Why did I leave NPL?


Me in July 2019

17 days in…

…and not working at NPL is everything I had hoped it would be. Even with COVID-anxiety and family illnesses, my time away from NPL has given me a lightness of spirit that I have not experienced for years.

Why do I feel so happy to have left NPL?

Earlier this year it became financially possible for me to leave NPL. And once it became possible to leave, the thought of staying suddenly felt unbearable and I handed in my notice within days.

Unbearable? Really?

One of the things I could not write about while I was still employed by NPL, was what it was like to work there.

Why couldn’t I write about NPL? Because saying even a single negative word about NPL would have resulted in my instant dismissal.

In truth, I still feel traumatised by my experiences at NPL. I expect it will take months to years to recover.

I feel like I have escaped from an abusive relationship. Even thinking about the place now still causes me to feel physically sick. And there is much that I can hardly bear to recall, let alone recount.

I stayed at NPL for 20 years, and there were good times. I worked with great colleagues and I believe I was well-regarded by them.

Without exception, every year my appraisal deemed I had ‘exceeded expectations’ or whatever daft phrase they had invented for ‘doing OK’. With colleagues I won two Rayleigh medals for the best scientific paper of the year, and in 2009 I was awarded an MBE!

And I worked with fantastic colleagues to deliver a UK contribution to the re-definition of the base units of the SI. I feel genuinely privileged to have taken part in such an activity.

But over this long period NPL as an institution has descended into a sad and chaotic state. If NPL were an individual I would describe them as suffering from a narcissistic delusional psychosis.

In my estimation it has become an organisation that has lost touch with the reality of what it is supposed to do and become obsessed with itself, its own processes, and its own self-regard.

In the worst of times, the bullying and intimidation that permeates the place left me feeling suicidal. I have considered whether to delete or moderate the previous sentence, but I have left it in because it is true. Indeed, I feel lucky to have escaped with as few ‘bruises’ as I have. Indeed, I feel lucky to still be alive.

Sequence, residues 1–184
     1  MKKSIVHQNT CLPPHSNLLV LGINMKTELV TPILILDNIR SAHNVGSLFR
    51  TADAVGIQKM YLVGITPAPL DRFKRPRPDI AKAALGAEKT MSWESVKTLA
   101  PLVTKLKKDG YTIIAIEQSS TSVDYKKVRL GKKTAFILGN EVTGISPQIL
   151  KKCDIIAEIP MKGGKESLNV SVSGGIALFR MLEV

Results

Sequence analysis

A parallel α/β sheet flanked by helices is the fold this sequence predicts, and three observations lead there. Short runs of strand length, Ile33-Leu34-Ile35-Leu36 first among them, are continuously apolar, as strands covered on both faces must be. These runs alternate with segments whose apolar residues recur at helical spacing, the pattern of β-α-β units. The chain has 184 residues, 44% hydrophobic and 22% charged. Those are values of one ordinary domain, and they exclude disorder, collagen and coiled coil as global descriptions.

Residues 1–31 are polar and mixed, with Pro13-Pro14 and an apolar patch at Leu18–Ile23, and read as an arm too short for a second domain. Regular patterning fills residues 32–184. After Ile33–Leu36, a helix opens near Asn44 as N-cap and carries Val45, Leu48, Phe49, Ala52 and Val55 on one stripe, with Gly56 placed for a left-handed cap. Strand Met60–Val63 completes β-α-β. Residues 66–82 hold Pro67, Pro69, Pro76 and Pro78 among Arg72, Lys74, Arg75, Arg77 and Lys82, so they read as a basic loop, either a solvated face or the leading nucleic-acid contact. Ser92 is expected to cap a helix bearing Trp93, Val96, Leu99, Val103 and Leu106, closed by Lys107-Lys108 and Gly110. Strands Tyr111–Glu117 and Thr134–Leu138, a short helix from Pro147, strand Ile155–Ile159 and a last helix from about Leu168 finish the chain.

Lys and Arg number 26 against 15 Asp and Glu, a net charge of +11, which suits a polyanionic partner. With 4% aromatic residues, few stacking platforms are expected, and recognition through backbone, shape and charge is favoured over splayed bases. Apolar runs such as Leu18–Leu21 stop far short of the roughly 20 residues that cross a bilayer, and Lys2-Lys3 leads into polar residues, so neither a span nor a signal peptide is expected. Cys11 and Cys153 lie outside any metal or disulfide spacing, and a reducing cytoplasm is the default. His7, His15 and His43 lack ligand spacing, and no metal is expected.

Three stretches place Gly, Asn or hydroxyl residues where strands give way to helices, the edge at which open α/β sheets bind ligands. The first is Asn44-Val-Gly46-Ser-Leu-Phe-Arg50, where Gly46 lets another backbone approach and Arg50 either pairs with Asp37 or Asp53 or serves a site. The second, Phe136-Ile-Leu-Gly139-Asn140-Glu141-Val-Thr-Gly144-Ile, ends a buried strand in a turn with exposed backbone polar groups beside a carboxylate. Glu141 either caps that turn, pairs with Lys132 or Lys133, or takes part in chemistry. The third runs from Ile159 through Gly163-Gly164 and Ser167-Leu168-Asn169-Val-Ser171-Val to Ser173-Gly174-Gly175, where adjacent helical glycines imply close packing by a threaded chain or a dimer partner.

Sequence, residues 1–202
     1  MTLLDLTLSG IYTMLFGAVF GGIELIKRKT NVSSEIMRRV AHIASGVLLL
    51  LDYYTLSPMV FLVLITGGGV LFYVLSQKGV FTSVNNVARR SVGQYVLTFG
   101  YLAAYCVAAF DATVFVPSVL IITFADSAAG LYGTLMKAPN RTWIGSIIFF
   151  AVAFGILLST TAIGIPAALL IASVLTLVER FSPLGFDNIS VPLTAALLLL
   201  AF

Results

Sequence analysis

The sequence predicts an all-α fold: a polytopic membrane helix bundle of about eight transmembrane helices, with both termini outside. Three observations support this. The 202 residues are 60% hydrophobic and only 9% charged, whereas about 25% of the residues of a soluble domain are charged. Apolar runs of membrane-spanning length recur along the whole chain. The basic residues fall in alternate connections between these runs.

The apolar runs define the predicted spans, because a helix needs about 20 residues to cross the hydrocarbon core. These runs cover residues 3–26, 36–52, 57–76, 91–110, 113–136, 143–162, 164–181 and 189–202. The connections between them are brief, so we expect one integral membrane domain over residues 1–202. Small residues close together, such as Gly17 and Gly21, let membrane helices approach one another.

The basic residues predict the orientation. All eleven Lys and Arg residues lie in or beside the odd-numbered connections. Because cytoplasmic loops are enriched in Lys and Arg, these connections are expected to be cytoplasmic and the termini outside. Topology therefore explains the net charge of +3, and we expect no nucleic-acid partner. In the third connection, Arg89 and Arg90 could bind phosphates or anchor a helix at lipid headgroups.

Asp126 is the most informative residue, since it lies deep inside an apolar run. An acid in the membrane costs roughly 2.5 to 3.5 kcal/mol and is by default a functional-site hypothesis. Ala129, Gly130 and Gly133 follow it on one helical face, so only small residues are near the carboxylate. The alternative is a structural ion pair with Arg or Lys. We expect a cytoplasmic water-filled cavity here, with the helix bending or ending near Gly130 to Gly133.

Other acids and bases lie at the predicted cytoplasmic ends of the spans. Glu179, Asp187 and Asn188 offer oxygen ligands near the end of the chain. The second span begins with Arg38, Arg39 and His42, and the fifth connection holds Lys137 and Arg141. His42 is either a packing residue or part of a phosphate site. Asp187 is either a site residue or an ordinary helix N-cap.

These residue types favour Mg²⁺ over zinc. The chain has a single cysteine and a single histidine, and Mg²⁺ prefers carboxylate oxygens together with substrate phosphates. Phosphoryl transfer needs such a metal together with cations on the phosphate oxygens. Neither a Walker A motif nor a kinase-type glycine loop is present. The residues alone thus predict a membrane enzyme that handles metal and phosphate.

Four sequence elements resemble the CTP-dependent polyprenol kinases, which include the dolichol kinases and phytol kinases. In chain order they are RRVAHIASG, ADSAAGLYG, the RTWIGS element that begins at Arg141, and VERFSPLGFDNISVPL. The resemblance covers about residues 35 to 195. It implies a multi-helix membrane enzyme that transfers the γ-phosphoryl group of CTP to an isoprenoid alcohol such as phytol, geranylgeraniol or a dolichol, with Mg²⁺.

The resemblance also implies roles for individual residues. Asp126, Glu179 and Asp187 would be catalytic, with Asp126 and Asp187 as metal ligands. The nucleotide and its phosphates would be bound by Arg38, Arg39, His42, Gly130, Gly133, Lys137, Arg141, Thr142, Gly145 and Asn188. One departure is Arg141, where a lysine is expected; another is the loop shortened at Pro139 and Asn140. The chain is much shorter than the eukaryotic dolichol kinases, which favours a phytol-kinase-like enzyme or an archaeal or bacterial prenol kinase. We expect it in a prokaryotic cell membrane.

I can’t bear to think back to the darkest times, but in order give you a flavour of the atmosphere at NPL, I will recount one small but telling incident that occurred earlier this year.

The ‘Leaders Blog’

Senior NPL management write a ‘blog’ on the intranet describing their reflections on various matters.

In March, after I had already handed in my notice, the Chief Scientist wrote a blog announcing a complete change of focus for the lab. The details don’t matter, but it was a very significant announcement.

As usual – despite the significance of the announcement – there was no response to the blog article. This was completely normal because for ‘Staff’ to comment on anything that ‘A Manager’ had written was to ‘put one’s head above a parapet’. I normally ignored these articles, but someone drew my attention to it, and – since I was leaving anyway – I thought I would comment.

The details of what I said don’t matter – they were respectfully worded – but raised the question of how this massive change might be achieved.

What does matter is that several colleagues contacted me afterwards to thank me for pointing out that there was a problem with the Chief Scientist’s ‘vision’.

And what matters more is that my colleagues – including several of the most senior scientists at NPL – were scared to comment themselves. Scared. Literally frightened. Some would not communicate via NPL e-mail for fear of eavesdropping. They had families to care for and they feared for their careers.

I thought this was serious enough to mention on the internal blog. I wrote a second comment saying that: